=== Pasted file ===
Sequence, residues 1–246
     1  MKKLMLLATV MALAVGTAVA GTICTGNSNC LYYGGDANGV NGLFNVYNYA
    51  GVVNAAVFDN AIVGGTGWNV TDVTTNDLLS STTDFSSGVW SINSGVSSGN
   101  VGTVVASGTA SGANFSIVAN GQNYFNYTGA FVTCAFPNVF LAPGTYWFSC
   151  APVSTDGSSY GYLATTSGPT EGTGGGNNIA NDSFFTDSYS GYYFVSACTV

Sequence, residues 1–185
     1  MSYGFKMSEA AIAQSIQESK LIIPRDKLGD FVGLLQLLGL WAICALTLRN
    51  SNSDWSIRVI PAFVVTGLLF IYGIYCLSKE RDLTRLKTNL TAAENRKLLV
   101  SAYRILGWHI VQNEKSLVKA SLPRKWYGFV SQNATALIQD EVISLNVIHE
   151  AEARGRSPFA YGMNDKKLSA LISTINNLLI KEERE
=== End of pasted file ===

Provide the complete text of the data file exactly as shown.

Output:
Sequence, residues 1–246
     1  MKKLMLLATV MALAVGTAVA GTICTGNSNC LYYGGDANGV NGLFNVYNYA
    51  GVVNAAVFDN AIVGGTGWNV TDVTTNDLLS STTDFSSGVW SINSGVSSGN
   101  VGTVVASGTA SGANFSIVAN GQNYFNYTGA FVTCAFPNVF LAPGTYWFSC
   151  APVSTDGSSY GYLATTSGPT EGTGGGNNIA NDSFFTDSYS GYYFVSACTV

Sequence, residues 1–185
     1  MSYGFKMSEA AIAQSIQESK LIIPRDKLGD FVGLLQLLGL WAICALTLRN
    51  SNSDWSIRVI PAFVVTGLLF IYGIYCLSKE RDLTRLKTNL TAAENRKLLV
   101  SAYRILGWHI VQNEKSLVKA SLPRKWYGFV SQNATALIQD EVISLNVIHE
   151  AEARGRSPFA YGMNDKKLSA LISTINNLLI KEERE